Special Ops to Help Confront Boko Haram?
Two NY Times articles claimed my attention on Friday morning. The first said that American special operations team members are going to help Nigeria in its fight against Boko Haram. I was very happy to read that.
I knew there had been tense relations between the U.S. and Nigeria.
Several factors were at work. One was fostered by reports that Nigeria’s military did not always respect civilian’s rights. The writer says, “Groups like Human Rights Watch say the Nigerian military has at times burned hundreds of homes and committed other abuses as it battled Boko Haram and its presumed supporters.”
Another factor was an apparent concern by the U.S. “about sharing intelligence with the Nigerian military, fearing their ranks had been infiltrated by Boko Haram, an accusation that further infuriated Nigerian leaders.”
Just over a year ago Nigeria canceled American training of an army battalion.
Now relations are back on track.
U.S. support would be a welcome boost for Nigeria’s military which is having some success but still confronts major challenges.
Psychological Safety and IGB
The second article I liked was about Julia Rozovsky’s work at Google, on what makes teams effective. I’ll tell you about it next time.
Rescued From Boko Haram, But Not Welcomed Home
What happens to women and girls who were abducted by Boko Haram, and are rescued and returned to their communities?
Sarah Grossman at Huffington Post online wrote about the difficulties these women and girls face, and the work several organizations are doing to help them.
“There are two main reasons families don’t welcome returning women with open arms: First, they are viewed with mistrust, as community members suspect they may have been radicalized by the militants. And second, the returning women are ostracized due to the stigma associated with sexual assault in their communities.”
Some are pregnant, and some have small children. They are facing triple suffering – once when captured, again with the sexual assault, and now back at home.
The Federation of Muslim Women’s Associations in Nigeria, facilitates workshops with victims in the Internally Displaced Persons camps, providing a space for them share their stories and connecting them to experts who can provide longer-term services.
“We go into the camp to provide psycho-social support,” a FOMWAN staff member told The Huffington Post. “The women are traumatized, but now they feel free to speak to their experiences.”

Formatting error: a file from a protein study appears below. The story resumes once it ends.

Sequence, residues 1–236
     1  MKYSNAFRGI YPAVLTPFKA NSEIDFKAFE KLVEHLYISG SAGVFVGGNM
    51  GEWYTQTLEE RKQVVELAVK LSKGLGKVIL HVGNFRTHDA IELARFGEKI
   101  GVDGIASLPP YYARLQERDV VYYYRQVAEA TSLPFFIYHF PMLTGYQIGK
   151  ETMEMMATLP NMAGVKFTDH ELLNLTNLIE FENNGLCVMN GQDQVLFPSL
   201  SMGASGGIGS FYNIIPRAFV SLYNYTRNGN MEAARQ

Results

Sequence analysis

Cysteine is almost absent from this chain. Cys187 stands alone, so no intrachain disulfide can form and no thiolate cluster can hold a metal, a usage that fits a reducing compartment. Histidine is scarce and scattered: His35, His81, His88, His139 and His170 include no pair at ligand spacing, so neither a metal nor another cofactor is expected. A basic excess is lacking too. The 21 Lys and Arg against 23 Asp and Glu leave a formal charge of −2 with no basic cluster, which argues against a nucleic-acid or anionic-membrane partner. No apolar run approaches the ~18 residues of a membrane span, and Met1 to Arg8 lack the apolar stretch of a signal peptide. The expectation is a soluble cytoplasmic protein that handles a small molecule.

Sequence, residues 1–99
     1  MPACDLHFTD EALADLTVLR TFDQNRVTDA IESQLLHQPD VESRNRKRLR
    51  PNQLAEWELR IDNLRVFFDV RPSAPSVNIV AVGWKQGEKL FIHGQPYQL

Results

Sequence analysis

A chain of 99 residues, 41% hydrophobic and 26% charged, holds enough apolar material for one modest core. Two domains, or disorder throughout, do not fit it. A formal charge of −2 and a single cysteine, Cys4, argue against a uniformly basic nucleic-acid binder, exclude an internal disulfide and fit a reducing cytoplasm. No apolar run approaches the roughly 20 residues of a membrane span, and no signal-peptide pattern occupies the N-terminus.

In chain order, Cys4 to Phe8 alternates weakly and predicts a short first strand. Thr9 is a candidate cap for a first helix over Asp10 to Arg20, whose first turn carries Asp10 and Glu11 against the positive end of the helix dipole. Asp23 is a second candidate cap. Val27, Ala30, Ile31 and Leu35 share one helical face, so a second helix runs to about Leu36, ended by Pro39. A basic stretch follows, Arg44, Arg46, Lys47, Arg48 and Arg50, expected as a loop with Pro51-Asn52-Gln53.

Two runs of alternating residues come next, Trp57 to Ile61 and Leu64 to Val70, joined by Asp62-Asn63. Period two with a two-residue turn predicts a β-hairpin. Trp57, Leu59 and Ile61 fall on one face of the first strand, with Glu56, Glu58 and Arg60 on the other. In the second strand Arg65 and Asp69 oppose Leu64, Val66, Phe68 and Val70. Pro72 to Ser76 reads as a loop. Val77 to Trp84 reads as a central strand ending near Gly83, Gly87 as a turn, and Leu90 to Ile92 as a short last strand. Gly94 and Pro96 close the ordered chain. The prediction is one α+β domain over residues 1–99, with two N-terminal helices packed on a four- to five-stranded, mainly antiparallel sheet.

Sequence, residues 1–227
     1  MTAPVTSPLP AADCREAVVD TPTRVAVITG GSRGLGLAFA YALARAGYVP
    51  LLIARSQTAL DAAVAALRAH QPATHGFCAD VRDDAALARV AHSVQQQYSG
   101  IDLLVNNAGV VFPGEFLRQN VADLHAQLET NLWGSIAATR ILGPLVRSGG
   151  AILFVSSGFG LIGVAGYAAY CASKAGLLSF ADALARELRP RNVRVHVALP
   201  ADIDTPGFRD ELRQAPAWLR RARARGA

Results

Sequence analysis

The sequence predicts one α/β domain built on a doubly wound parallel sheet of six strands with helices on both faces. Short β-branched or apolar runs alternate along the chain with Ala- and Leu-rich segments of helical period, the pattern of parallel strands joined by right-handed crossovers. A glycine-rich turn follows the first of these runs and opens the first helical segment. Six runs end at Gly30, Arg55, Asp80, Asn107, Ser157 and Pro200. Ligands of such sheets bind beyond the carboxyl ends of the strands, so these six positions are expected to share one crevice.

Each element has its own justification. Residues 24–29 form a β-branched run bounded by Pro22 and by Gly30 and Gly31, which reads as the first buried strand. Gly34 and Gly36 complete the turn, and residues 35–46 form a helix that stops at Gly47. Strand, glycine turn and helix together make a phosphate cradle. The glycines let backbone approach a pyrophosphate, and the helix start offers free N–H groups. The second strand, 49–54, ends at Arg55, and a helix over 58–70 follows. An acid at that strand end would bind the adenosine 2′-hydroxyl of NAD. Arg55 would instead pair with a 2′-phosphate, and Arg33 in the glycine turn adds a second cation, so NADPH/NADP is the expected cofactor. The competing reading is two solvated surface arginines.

After sharing their stories, the women are referred to experts from organizations like the International Organization for Migration, the International Federation of Women Lawyers Nigeria or Save the Children, all of which can continue to provide support services beyond the workshop.
The Huffpost story was a response to a report just issued by UNICEF and International Alert, both active in supporting the victims.
NPR also had a story based on the report. Lourdes Garcia-Navarro conducted an interview with Rachel Harvey of UNICEF.
Sisters Uptown Bookstore
I asked my friend Luvon who had introduced me to Janifer Wilson, owner of Sisters Uptown, to have lunch beforehand. But she informed me that there would be plenty of delicious food.
She was right, and I realized I had revealed my white bias. I should know that in a gathering of black American women, there is likely to be food, unlike a gathering of white women, where there are drinks and maybe snacks.
I was not disappointed! Plantain, fish cakes of two different types, chicken, green salad, pasta salad, and lasagna, not to mention wine! I ate well, enjoyed a glass of wine, and spoke with the book club about my memoir.
As usual, two or three women had already asked how to say my last name. I wouldn’t tell them. I promised to tell everyone at once.
So that’s what I did first. They were ready and eager to try, which is always more fun than when people are afraid to say it.
During the Book Club meeting before the memoir conversation I sat at the back with a lovely woman, Queen Diva of Diva’s Diamonds.
She hadn’t heard of my book or the book club meeting. She had come to check out
Sisters Uptown Bookstore as a venue to hold an interview or a series of interviews for a TV show she works on. Her producer came later; they love the site and have invited me to be interviewed in March or April.
She also had valuable suggestions for my use of social media, especially Twitter. Watch for a change in the header on my Twitter page, and join me as I ask you to use the hashtag #NigeriaRevisited.
I’d make the change right now, but we’re leaving for Jamaica in a few hours, and I’m going to my friend Frances Sink’s installation at the Unitarian Universalist Church in Stamford shortly. Feeling squeezed for time!